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Supreme Court
could side with antigay campus recruiters

Supreme Court
could side with antigay campus recruiters

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In hearing arguments Tuesday in a case that has largely focused on free speech rights, the U.S. Supreme Court appeared ready to uphold a law that says colleges receiving federal funds cannot bar recruiters

The Supreme Court appeared ready Tuesday to uphold a law that says colleges cannot turn away military recruiters in protest of the Pentagon's policy on out gay service members if the universities also want to receive federal money. Chief Justice John Roberts said schools unhappy with the "don't ask, don't tell" policy have a simple solution: turn down federal cash.

And Justice Sandra Day O'Connor, who is retiring, said colleges can post disclaimers on campus noting their objections to military policy.

Law school campuses have become the latest battleground over the policy allowing gay men and lesbians to serve in the military only if they keep their sexual orientation to themselves. Solicitor General Paul Clement said that when the government picks up the tab for things like research and education grants, the military also is entitled to demand "a fair shot" in terms of equal access for its recruiters to a university's "best and brightest." Clement said the military is receiving nothing more than any other donor would expect.

A few justices, including David Souter, worried that the free speech rights of law schools could be hindered by the congressional action of tying funding to military recruiters' access. "The law schools are taking a position on First Amendment grounds, and that position is in interference with military recruiting--no question about it," Souter said. More court members seemed concerned about military recruitment in the post-9/11 world. Federal financial support of colleges tops $35 billion a year, and many college leaders say they could not forgo that money. Immediately after the argument, the Supreme Court released an audio tape to news organizations because of interest in the case. Cameras are not allowed in court.

About a half dozen members of the antigay Topeka, Kan.-based Westboro Baptist Church protested outside the high court, waving signs with slogans like "America is doomed" and yelling at reporters and passersby in front of the court before the argument. They dragged behind them U.S. flags tied around their ankles as they paced the rain-drenched sidewalk. "The Supreme Court shouldn't even have to debate about this," said Rebekah Phelps-Roper, 18.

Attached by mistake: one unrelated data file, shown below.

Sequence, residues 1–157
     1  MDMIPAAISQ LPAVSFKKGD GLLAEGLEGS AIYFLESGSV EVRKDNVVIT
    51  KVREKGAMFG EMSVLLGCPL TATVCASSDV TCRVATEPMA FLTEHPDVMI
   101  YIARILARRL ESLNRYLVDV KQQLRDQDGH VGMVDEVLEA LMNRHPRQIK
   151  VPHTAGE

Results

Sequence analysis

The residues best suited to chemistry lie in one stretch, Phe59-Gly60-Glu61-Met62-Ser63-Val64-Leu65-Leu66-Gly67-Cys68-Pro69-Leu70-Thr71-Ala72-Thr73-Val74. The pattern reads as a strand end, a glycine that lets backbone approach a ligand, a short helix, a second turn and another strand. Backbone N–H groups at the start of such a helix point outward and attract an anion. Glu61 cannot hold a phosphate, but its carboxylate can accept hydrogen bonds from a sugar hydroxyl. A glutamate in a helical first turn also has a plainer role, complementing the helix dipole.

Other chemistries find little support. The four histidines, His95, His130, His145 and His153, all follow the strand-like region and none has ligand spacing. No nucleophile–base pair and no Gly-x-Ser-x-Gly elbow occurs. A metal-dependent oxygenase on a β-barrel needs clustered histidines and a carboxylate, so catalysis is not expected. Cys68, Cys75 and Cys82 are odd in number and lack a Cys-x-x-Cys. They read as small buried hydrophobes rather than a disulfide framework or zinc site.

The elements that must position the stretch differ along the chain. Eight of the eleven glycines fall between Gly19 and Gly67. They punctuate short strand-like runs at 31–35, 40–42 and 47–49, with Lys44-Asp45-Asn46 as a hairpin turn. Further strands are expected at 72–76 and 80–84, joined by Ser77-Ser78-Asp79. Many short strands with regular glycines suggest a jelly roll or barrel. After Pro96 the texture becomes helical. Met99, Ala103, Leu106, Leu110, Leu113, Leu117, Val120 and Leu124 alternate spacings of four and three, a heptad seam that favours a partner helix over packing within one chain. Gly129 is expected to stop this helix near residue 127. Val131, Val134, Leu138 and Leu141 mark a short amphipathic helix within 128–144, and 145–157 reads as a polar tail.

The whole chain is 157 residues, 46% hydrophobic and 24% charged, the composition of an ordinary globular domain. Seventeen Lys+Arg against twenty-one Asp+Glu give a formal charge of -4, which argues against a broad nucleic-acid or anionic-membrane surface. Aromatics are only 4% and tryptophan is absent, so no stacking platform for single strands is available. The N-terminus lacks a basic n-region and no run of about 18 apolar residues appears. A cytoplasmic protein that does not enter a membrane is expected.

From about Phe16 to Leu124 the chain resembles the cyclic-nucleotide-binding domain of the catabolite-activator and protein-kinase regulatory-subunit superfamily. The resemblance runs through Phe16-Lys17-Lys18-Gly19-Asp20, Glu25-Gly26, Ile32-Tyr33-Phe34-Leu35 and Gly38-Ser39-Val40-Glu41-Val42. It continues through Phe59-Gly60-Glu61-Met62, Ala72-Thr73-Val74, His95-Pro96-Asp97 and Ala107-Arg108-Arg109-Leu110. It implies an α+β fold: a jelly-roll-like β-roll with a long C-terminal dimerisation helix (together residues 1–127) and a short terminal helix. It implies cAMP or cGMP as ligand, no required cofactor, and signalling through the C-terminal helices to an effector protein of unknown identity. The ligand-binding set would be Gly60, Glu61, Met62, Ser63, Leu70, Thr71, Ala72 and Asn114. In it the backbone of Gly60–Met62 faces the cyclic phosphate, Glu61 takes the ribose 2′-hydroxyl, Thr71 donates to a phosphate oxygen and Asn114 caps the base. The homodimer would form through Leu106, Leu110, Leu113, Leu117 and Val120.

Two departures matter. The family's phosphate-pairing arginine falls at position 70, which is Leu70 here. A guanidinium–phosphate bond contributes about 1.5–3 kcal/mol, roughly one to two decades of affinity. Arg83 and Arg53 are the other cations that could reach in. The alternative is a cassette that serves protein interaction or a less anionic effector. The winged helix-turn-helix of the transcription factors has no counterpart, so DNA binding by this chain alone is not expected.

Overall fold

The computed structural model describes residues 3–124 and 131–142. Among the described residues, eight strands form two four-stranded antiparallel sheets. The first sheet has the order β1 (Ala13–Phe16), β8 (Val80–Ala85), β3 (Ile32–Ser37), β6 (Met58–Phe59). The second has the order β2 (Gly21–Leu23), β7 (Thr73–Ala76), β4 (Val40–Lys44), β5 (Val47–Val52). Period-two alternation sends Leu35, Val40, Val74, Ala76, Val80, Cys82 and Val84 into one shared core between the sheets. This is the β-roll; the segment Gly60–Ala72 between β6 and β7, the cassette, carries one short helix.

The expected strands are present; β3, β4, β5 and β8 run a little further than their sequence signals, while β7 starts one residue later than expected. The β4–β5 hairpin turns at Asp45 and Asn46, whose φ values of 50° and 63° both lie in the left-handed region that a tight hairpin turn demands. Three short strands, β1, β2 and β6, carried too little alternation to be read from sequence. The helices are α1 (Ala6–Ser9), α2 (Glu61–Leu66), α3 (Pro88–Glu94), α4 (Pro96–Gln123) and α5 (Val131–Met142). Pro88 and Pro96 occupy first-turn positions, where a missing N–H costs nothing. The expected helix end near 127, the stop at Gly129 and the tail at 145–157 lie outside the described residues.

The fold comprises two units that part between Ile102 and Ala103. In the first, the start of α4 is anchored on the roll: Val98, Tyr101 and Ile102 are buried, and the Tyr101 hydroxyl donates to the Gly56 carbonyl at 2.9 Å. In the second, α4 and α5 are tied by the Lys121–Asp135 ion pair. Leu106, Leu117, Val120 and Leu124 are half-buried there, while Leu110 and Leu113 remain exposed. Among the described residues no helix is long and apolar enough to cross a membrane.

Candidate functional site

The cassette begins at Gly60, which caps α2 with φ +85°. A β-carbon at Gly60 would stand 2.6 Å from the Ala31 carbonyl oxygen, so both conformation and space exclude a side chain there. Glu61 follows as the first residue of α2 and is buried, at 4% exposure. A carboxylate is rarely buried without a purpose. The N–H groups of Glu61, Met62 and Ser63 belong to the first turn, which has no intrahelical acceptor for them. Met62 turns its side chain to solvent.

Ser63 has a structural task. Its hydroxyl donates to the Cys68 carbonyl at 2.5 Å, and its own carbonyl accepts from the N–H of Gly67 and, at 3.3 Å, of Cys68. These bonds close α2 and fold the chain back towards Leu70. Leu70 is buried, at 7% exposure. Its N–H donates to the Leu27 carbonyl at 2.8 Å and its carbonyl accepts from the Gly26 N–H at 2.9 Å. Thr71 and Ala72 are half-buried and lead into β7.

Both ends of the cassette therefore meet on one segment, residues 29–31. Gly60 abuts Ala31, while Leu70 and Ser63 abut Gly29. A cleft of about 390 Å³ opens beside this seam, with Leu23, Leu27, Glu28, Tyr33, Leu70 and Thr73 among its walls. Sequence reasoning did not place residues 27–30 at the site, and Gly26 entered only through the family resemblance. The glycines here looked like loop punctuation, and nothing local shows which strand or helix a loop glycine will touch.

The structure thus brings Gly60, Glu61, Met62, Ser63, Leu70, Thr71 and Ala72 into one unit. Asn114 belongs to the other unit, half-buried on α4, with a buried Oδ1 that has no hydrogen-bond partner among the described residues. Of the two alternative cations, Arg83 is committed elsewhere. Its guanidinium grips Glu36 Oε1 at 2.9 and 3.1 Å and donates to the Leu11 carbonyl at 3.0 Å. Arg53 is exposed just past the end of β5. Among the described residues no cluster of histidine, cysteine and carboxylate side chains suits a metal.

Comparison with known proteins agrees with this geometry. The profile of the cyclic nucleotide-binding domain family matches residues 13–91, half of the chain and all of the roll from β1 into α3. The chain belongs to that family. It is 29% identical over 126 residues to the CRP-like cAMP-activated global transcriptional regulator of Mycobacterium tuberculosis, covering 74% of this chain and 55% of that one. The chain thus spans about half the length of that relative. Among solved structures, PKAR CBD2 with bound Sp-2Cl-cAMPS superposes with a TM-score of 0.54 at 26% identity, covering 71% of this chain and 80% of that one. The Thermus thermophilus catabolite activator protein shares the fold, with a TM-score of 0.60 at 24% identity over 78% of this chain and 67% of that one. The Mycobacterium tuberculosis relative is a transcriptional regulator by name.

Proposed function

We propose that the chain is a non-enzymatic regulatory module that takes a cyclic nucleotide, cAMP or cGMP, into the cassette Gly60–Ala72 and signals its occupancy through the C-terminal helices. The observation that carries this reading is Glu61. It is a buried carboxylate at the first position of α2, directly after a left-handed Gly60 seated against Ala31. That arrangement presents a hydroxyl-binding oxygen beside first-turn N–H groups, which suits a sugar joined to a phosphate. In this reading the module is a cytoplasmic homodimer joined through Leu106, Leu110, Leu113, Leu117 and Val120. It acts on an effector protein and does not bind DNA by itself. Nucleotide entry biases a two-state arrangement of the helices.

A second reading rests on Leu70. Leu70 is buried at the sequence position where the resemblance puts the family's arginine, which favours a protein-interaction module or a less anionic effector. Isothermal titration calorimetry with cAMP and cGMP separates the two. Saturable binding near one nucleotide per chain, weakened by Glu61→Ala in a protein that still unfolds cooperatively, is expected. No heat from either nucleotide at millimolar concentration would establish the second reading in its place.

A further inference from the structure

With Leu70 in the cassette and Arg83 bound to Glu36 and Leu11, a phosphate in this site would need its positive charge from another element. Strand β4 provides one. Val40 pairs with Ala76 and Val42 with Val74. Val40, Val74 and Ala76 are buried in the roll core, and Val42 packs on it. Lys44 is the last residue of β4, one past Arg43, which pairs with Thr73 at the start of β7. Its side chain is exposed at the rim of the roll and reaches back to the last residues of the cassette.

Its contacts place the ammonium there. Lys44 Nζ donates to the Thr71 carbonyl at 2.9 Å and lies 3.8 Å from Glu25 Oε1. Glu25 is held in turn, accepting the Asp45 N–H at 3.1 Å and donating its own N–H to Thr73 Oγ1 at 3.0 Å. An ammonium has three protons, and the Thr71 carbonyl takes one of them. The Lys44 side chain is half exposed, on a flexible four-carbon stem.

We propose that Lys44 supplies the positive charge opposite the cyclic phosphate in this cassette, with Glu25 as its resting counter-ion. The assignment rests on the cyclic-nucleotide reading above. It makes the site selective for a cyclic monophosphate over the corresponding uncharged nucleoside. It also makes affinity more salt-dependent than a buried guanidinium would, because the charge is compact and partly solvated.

Some students camped out overnight to get seats for the argument. Dan Noble, a 26-year-old gay student at Yale Law School, said, "You feel discriminated against when some recruiters will interview your fellow students but won't interview you."

Many law schools forbid the participation of recruiters from public agencies and private companies that have discriminatory policies. Law schools have "a Hobson's choice: Either the university must forsake millions of dollars of federal funds largely unrelated to the law school, or the law school must abandon its commitment to fight discrimination," justices were told in a filing by the Association of American Law Schools.

The federal law, known as the Solomon Amendment, after its first congressional sponsor, mandates that universities, including their law and medical schools and other branches, give the military the same access as other recruiters or forfeit money from federal agencies like the Education, Labor, and Transportation departments.

Dozens of groups have filed briefs on both sides of the case, the first gay-rights related appeal since a contentious 2003 Supreme Court ruling that struck down laws criminalizing gay sex. The latest case stems from a lawsuit against the Pentagon by a group of law schools and professors claiming their free-speech rights are being violated on grounds they are forced to associate with military recruiters or promote their campus appearances. Free-speech cases are often divisive at the court. If Samuel Alito, President Bush's nominee to succeed O'Connor, is confirmed by the Senate before the case is decided sometime next year, he could be called on to break any tie vote.

A panel of the Philadelphia-based third U.S. circuit court of appeals found it was reasonably likely that the law violated free speech rights. Alito serves on that appeals court but was not involved in the case. The case is Rumsfeld v. Forum for Academic and Institutional Rights. (AP)

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